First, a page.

The government is likely to push sellers to provide more up front information about their property before it goes on the market to make the homebuying process quicker, cheaper and less stressful.
The Ministry of Housing, Communities & Local Government, which has pledged to fix what it considers to be a 'broken' housing market, confirmed its intentions at a conference yesterday. A panel discussion entitled 'Can you really digitise the homebuying process?' featured at trade association UK Finance's Annual Mortgage Conference, held at Eversheds Sutherland's London office.
The ministry's Matt Prior said that with leasehold properties, for instance, it is not 'unreasonable' to tell prospective buyers how many years are left on a lease and what the service charge is. It is 'ridiculous' that such information is not provided up front, he said.
Prior said up front information allows people to make more informed decisions: 'My neighbour moved recently. They've got a brilliant stream in the garden. I thought "if it rains, will it flood the garden?" But they're happy with it. If you know that up front you can make that decision. If it takes weeks for your conveyancer to discover that and you decide you don't fancy the property being flooded, you will potentially pull out at a later stage.'
The homebuying process currently takes 19 weeks on average, which Prior considers 'a hell of a long time to wait'. The cost of failed transactions adds up to £270m a year.
Prior said: 'You've got a process where people are kind of misled. They don't understand how long it's going to take. People move somewhere between one and two times after they make their first home move. It's a process consumers are pretty unfamiliar with... It should not take 19 weeks to buy a house. It should be possible to get a lot of data about the property up front.'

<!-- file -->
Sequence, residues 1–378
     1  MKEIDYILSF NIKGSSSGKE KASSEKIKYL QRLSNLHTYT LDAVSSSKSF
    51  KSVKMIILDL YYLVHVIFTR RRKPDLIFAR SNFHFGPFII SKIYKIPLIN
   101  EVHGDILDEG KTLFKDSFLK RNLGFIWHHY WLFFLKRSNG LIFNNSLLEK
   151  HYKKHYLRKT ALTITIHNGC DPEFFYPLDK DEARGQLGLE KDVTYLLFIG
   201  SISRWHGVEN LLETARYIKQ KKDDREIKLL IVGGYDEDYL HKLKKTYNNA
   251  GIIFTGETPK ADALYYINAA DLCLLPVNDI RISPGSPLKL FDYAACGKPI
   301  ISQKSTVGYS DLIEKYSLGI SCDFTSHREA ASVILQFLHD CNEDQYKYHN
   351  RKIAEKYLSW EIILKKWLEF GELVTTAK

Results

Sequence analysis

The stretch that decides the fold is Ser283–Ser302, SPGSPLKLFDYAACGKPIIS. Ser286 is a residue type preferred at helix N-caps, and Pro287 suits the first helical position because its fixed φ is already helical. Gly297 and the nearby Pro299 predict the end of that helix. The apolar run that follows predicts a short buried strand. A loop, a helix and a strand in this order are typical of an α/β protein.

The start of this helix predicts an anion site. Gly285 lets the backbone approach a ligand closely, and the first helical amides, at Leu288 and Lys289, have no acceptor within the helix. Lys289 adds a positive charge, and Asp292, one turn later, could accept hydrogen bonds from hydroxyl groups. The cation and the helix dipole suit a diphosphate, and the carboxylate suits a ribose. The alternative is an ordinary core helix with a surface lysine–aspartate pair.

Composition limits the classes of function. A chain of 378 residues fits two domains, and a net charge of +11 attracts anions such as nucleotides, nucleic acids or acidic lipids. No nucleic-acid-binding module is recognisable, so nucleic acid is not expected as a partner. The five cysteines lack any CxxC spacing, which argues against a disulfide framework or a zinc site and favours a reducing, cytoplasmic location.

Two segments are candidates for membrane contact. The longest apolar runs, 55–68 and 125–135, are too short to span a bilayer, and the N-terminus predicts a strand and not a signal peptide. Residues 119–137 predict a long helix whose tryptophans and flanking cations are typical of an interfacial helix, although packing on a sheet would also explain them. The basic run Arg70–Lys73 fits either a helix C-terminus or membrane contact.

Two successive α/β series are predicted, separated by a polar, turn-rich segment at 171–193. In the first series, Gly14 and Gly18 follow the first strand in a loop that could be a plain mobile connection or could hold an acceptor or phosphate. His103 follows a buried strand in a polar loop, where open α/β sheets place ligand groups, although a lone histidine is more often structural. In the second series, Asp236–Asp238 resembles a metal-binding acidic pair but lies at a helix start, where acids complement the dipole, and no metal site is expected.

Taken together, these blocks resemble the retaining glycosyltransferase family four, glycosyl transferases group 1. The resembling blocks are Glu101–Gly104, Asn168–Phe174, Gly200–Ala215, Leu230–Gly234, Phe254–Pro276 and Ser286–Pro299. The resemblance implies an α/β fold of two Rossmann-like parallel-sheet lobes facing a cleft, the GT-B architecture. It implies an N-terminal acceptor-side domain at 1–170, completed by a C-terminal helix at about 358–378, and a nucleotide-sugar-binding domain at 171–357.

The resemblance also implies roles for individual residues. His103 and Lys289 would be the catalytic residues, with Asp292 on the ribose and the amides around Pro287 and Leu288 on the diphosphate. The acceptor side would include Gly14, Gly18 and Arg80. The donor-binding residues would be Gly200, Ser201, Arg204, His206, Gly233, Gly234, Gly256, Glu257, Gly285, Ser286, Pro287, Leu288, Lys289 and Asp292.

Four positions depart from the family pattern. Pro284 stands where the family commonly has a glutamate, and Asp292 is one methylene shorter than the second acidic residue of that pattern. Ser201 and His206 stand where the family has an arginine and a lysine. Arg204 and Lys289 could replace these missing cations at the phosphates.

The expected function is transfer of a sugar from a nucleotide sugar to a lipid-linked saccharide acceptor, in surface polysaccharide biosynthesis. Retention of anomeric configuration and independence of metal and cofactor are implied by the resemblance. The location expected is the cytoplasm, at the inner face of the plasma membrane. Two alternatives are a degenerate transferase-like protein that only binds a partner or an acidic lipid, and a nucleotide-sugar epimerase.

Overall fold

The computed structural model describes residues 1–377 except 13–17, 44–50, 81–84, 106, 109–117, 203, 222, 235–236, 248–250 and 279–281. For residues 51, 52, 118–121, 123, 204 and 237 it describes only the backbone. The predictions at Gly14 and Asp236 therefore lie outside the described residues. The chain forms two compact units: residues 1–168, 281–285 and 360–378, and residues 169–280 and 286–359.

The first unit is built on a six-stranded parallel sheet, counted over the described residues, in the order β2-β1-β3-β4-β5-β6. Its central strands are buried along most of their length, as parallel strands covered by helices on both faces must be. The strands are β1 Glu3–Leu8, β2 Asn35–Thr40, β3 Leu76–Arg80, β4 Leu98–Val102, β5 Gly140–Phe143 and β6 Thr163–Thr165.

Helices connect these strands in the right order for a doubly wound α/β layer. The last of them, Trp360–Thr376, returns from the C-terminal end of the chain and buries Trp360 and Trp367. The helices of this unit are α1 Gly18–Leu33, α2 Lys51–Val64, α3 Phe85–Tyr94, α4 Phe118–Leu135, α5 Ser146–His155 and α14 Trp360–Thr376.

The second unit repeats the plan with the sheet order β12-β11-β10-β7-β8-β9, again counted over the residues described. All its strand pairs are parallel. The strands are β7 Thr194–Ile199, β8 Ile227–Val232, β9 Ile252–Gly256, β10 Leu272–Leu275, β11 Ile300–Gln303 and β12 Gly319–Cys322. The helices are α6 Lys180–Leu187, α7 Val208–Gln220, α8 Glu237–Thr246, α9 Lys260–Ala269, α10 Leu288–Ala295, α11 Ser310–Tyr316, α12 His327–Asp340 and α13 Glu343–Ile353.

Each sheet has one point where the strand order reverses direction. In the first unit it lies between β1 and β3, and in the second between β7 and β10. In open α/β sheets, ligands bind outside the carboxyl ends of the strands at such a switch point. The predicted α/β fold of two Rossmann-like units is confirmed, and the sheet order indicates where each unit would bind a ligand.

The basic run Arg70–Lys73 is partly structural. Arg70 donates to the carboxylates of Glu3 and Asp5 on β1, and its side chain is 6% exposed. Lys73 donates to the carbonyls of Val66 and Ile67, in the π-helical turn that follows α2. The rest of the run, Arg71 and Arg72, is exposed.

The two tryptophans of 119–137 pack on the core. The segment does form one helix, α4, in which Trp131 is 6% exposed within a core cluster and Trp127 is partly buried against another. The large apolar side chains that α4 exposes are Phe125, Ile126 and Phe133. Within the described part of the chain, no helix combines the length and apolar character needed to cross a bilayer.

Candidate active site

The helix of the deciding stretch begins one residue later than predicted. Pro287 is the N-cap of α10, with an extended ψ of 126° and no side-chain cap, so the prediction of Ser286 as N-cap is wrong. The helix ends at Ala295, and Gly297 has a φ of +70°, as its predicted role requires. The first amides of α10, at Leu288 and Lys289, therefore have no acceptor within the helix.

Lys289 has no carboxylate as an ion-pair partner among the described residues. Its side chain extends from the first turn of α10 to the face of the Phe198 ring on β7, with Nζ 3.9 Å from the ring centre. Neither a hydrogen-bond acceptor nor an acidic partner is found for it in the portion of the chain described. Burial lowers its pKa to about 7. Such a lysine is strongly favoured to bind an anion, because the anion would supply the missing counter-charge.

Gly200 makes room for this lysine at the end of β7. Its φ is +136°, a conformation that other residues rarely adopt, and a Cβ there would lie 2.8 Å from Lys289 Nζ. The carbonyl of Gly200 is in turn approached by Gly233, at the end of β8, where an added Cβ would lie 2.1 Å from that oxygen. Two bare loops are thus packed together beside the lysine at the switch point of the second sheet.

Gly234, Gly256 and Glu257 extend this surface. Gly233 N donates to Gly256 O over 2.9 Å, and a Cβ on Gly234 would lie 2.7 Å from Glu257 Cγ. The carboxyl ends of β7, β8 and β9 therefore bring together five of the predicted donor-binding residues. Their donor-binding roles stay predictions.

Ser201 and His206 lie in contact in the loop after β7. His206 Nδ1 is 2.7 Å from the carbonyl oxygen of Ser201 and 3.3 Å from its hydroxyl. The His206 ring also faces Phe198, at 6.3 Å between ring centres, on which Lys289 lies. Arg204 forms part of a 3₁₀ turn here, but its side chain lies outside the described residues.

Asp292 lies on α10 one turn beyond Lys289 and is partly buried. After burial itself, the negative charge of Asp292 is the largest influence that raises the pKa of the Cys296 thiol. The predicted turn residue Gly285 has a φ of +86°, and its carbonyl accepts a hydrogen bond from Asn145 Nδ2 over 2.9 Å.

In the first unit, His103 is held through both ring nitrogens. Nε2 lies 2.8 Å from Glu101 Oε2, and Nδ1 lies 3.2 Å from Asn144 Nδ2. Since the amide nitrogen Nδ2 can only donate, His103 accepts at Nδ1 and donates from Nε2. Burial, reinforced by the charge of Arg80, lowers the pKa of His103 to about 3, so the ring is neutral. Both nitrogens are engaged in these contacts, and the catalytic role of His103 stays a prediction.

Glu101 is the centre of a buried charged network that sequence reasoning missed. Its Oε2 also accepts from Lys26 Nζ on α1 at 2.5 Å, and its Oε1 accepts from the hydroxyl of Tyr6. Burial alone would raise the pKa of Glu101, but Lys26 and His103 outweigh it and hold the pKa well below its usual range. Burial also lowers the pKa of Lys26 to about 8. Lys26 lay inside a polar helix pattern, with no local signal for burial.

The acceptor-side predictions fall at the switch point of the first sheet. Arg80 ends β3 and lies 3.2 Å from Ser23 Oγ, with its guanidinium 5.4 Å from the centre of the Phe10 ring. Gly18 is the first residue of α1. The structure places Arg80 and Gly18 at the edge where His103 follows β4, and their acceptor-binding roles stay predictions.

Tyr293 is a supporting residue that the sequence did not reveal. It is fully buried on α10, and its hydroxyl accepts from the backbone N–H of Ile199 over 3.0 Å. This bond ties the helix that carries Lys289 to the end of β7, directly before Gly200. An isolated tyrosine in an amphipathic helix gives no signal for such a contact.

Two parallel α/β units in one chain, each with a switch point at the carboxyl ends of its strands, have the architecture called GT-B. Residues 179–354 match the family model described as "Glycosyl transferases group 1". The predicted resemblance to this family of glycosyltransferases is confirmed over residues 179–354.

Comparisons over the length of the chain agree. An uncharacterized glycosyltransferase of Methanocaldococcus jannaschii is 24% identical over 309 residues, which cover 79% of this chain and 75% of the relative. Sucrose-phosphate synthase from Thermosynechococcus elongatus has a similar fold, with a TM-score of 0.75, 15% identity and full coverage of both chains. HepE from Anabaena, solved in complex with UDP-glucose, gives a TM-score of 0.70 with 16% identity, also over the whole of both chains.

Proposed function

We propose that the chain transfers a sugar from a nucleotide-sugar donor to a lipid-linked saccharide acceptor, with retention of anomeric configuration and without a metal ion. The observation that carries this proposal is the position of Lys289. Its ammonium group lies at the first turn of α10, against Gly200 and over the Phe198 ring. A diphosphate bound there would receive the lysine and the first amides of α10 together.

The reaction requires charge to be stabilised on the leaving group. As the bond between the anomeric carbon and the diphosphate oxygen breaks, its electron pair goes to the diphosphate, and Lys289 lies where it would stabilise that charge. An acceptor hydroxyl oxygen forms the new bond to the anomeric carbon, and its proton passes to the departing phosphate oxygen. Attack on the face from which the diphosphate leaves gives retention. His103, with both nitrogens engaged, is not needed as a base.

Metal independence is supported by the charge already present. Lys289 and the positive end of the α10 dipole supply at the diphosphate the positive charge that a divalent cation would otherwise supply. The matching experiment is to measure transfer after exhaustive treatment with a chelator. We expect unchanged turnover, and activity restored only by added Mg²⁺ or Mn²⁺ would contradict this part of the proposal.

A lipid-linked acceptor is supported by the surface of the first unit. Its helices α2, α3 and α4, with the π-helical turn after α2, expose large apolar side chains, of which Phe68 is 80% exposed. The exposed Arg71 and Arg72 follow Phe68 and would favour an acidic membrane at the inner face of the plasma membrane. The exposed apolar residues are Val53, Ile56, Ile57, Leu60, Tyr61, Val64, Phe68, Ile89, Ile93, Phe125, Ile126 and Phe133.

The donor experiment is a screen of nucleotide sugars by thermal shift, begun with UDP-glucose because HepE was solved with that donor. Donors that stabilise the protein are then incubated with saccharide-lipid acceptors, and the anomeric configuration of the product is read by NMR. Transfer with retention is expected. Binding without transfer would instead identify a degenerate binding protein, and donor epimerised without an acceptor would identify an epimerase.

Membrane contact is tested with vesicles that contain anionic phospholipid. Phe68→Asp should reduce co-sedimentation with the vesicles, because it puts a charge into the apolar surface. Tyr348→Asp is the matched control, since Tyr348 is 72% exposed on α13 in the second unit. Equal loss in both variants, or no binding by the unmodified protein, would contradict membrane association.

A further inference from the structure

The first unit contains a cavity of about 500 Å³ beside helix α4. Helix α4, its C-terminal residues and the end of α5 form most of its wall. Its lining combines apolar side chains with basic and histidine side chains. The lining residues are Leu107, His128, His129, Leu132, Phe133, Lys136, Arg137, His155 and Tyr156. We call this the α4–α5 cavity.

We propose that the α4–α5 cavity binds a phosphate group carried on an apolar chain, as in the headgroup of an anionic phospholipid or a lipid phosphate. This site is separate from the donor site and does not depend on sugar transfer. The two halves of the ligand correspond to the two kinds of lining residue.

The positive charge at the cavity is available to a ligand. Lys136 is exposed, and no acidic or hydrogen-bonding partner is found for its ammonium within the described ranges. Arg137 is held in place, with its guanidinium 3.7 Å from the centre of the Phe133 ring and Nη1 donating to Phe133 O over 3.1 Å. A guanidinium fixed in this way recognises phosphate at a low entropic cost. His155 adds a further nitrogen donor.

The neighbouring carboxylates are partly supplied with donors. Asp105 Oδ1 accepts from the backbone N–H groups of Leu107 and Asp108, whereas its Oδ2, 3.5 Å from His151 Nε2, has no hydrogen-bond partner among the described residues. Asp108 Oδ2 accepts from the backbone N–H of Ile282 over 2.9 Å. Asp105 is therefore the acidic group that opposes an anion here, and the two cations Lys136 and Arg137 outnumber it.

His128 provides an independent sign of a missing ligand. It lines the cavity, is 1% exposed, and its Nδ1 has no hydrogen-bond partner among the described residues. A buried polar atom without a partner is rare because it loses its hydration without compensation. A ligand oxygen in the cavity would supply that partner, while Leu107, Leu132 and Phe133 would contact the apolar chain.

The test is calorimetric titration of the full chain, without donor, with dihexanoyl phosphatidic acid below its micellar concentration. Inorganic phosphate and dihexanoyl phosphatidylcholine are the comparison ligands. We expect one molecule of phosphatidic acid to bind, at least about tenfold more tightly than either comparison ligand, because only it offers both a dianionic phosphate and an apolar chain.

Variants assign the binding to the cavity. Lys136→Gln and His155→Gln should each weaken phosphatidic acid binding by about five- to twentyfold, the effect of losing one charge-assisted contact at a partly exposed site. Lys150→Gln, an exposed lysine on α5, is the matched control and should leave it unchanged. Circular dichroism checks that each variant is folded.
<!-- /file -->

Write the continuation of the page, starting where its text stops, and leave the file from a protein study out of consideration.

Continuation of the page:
Asked how long he would like the process to take, Prior pointed out that the process depends on many factors, such as how many properties are in the chain and the kind of property. He said: 'I don't mind if the process lasts 19 weeks as long as people know it lasts 19 weeks, where you understand what's going on in those 19 weeks. It's where you've got whole periods where nothing seems to happen or you get no information.'
Earlier this year the government published its response to a call for evidence on improving homebuying and selling. The ministry asked whether it should be encouraging the development of e-conveyancing. Although consultation respondents said 'yes', Prior said many were concerned about fraud: 'It's a real consumer barrier. There's an assumption that giving people a lot of access to information makes them feel less safe.'
Prior said technology should add value to the process, 'not completely cut out humans - the experts'.
Advocating a property logbook, which the Law Society and Conveyancing Association have called for, Prior pointed out that when someone is buying a property, 'you go through the conveyancing process, you buy the house, you receive a perfect pack of information that describes the property at that moment - and you throw that away. We think that's quite wasteful. Some of [the information] does not change'.
Highlighting the pressure on the 4,500 conveyancers in the market, Prior told the conference: 'I've often said, if conveyancers were running a restaurant, they would spend more time gathering the ingredients than preparing the meal. It's an information-driven business. There are a million different parties to interact with, doing all the things the client wants, worrying about what the other side is doing.'